Research on refuges has predominantly focused on estimating the proportion of refuge that should be planted as a fraction of the Bt corn acreage (Hurley, Babcock, & Hellmich, 1997, 1998). That research used a dynamic model to estimate the length of time until widespread resistance occurs given alternative refuge percentage. However, the refuge can be planted in several different configurations. The objective of this research is to compare the economic costs of planting alternative 20% refuge configurations within the Bt corn field as part of an IRM program.
A partial budget analysis was used to analyze the costs of planting three different refuge configurations (figure 1). Two issues that arise from planting within-field non-Bt corn refuges were investigated. First, increases in the time needed to plant alternative refuges leads directly to increases in labor costs. Second, the increase in planting time stretches the entire planting period, causing some fields to be planted later than they would be otherwise. Fields planted later in the season tend to yield less than fields planted in a timely manner (Doster et al., 1995). Therefore, planting more fields later in the season may lead to an indirect cost in the form of lost yields.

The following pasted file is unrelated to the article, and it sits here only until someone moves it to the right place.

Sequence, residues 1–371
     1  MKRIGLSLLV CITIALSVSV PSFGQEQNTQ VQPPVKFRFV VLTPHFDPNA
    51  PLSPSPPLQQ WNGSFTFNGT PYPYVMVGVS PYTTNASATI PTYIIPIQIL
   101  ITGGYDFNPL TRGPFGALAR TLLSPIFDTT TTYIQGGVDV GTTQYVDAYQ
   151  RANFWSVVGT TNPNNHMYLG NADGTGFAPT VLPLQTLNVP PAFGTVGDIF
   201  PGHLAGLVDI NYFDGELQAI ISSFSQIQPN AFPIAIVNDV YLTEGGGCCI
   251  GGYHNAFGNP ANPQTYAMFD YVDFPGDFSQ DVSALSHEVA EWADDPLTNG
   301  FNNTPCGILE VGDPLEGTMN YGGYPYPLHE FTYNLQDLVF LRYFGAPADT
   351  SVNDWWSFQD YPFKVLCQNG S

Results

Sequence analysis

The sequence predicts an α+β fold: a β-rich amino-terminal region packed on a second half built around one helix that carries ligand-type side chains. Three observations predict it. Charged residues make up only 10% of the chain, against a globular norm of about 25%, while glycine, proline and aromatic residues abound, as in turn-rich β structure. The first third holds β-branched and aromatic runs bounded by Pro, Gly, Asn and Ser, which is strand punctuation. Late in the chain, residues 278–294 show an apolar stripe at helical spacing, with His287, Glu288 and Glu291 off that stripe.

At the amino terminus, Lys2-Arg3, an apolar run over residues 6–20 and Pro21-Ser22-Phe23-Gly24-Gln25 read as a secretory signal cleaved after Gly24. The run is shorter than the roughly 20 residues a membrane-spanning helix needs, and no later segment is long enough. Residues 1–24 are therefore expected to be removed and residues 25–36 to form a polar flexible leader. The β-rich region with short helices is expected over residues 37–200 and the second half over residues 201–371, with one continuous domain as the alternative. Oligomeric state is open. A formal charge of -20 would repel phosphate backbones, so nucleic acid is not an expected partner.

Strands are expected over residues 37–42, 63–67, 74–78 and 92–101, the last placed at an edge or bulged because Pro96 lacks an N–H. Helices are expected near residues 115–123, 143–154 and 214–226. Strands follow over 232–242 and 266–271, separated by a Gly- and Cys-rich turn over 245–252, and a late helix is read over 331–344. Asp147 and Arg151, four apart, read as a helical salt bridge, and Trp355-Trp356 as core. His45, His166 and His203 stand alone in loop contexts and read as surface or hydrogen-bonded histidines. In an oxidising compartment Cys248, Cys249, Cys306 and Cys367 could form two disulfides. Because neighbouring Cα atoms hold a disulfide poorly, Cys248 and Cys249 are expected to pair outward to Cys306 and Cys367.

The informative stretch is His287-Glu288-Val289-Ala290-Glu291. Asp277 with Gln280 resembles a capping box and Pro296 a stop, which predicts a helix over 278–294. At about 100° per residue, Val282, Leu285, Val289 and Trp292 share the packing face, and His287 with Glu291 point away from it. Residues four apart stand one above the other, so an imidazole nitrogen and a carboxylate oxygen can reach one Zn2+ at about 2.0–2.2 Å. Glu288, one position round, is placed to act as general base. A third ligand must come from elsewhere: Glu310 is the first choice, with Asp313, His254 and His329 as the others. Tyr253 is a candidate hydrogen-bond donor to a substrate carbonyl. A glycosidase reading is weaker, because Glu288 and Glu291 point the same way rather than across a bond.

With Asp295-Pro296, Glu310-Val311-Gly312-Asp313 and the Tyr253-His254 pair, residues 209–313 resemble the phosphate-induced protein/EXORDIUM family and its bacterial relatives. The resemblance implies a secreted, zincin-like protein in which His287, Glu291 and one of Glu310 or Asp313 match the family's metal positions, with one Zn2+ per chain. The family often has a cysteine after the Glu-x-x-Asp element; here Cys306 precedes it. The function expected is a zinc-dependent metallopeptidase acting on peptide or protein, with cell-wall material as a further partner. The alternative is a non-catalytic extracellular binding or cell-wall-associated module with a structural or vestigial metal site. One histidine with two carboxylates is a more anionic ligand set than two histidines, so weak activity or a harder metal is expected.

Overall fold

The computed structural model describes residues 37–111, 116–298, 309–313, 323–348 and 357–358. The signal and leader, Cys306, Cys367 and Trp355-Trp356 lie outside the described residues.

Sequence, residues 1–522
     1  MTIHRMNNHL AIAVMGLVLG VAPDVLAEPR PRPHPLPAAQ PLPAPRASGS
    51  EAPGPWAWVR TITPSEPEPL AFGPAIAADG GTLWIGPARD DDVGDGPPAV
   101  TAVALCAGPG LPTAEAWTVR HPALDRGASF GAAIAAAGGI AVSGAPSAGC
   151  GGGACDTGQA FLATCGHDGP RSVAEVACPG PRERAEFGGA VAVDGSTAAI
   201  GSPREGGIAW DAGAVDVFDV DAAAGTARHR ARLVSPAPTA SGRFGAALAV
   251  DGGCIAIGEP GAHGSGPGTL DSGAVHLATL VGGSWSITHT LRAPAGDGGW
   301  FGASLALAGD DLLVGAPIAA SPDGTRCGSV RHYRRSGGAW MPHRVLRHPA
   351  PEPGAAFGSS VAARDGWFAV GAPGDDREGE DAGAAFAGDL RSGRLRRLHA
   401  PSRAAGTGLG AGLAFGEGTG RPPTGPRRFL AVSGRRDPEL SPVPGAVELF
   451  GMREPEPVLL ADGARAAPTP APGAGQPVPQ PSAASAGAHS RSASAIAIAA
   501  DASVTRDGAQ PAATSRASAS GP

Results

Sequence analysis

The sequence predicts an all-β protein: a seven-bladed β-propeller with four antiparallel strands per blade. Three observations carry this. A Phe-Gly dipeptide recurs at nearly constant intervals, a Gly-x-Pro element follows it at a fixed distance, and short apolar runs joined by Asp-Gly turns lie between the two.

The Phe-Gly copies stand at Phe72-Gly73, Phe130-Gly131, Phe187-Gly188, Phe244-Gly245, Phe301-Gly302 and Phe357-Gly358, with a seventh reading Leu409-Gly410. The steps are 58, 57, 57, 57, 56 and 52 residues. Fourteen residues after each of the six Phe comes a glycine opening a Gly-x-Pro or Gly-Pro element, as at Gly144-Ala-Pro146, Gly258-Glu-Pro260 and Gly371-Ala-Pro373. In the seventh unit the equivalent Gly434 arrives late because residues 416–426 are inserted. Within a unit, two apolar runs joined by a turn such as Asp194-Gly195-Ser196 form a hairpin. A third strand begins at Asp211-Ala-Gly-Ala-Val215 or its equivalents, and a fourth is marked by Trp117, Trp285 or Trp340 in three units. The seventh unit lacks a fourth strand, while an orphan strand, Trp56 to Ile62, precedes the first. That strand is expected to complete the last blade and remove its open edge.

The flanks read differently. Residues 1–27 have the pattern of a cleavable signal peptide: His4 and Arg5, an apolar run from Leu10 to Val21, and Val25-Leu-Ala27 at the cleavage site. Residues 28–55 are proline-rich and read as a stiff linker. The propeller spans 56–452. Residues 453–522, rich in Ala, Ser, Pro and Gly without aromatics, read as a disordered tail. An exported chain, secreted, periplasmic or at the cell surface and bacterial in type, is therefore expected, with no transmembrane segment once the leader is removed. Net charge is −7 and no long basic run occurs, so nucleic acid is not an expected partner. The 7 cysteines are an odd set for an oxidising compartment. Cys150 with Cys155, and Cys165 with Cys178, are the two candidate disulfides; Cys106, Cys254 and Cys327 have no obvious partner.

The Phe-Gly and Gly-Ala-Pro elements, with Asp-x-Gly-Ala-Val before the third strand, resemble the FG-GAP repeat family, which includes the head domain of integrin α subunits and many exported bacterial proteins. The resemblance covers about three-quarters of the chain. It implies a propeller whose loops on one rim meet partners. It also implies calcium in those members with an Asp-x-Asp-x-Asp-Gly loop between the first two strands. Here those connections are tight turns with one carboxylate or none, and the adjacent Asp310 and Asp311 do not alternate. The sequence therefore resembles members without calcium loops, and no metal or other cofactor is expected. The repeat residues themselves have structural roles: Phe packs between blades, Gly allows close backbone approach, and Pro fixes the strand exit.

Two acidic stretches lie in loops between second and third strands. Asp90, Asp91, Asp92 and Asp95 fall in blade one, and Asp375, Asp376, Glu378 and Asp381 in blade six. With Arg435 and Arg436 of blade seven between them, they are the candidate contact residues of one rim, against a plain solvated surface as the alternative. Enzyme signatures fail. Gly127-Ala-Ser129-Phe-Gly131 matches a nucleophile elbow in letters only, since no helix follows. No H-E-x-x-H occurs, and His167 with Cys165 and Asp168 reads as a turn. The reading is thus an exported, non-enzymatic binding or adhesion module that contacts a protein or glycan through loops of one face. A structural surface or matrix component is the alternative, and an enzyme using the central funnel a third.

Figure 1. Three refuge configurations.
It is important to recognize that the assumptions made in this analysis considerably restrict the farmer's actions. For instance, the farmer is assumed to fill hoppers before entering each new field. This, and other assumptions, do not allow the farmer to behave as efficiently as he or she otherwise would. Therefore, the estimates of additional costs to meet the refuge requirements are biased upwards.
Labor Cost Differences
This analysis was performed for two different fields, a 40-acre square field and an 80-acre rectangular one. These are assumed to be representative of many fields on Corn Belt farms.1